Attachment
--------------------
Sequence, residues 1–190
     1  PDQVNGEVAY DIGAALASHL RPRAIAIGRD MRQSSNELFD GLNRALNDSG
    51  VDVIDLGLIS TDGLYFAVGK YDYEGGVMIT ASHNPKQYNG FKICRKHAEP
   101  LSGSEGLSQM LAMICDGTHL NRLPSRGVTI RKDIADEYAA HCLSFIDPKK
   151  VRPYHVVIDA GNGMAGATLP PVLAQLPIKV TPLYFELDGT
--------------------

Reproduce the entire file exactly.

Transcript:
Sequence, residues 1–190
     1  PDQVNGEVAY DIGAALASHL RPRAIAIGRD MRQSSNELFD GLNRALNDSG
    51  VDVIDLGLIS TDGLYFAVGK YDYEGGVMIT ASHNPKQYNG FKICRKHAEP
   101  LSGSEGLSQM LAMICDGTHL NRLPSRGVTI RKDIADEYAA HCLSFIDPKK
   151  VRPYHVVIDA GNGMAGATLP PVLAQLPIKV TPLYFELDGT